Teesside University Student Working With Quorn Proteins

Teesside University is working with Quorn Foods to test different methods of making the product methodology of mycoprotein, the main ingredient in all Quorn meat substitute products, more sustainable.

Based in Quorn’s new pilot plant in Billingham, the Knowledge Transfer Partnership (KTP) project team will also use Teesside University’s £22.3 million National Horizons Centre, a UK centre of excellence for the biosciences based in Darlington.

Quorn is produced by fermenting a nutritious microorganism in the fungus family called fusarium venenatum. The partnership will use new methods of proteomics, mass spectrometry and chromatography to identify and quantify proteins during the fermentation process, as well as using biochemical data to identify targets for new strains with desirable characteristics.

Dr Gillian Taylor from the National Horizons Centre said: “Quorn is a fantastic example of a Tees Valley company which is at the forefront of the bioscience sector, using innovative techniques to develop nutritious and sustainable foodstuffs which are sold across the world.”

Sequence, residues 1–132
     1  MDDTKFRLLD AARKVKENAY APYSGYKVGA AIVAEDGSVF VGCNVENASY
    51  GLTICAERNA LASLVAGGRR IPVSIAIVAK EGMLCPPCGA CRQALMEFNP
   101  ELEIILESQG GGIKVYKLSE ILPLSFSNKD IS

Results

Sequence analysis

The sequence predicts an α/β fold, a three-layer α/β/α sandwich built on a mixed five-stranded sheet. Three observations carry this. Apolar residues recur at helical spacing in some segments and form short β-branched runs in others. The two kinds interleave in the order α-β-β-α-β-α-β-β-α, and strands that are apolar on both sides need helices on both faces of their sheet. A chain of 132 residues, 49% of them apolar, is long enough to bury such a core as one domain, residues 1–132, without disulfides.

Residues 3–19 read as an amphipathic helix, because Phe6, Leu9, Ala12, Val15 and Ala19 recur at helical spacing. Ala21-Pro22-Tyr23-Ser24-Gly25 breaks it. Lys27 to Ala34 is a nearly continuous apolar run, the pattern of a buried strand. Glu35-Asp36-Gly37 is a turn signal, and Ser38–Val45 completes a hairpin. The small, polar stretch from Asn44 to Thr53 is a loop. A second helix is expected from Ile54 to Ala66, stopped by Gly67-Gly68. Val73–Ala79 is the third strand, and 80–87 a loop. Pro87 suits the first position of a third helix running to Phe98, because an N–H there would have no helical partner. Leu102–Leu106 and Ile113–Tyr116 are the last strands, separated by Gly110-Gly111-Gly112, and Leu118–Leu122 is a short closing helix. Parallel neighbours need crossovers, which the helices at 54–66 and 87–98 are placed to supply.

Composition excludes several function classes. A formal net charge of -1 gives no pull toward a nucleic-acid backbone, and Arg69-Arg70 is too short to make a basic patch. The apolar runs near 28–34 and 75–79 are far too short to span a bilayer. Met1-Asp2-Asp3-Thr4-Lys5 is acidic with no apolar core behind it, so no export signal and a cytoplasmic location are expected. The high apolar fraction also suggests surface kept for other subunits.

Dr Rob Johnson, Science Manager at Quorn Foods, said “Quorn Foods is delighted to start this project with Teesside, which will provide evidence and technologies that will allow us to drive our products to new levels of sustainability and quality.”

The project is being led by Dr Nanda Ayu Puspita, seen here in the National Horizons Centre.

KTPs are funded by UKRI through Innovate UK with the support of co-funders, including the Scottish Funding Council, Welsh Government, Invest Northern Ireland, Defra and BEIS.

Susie Haywood
Article by Susie Haywood
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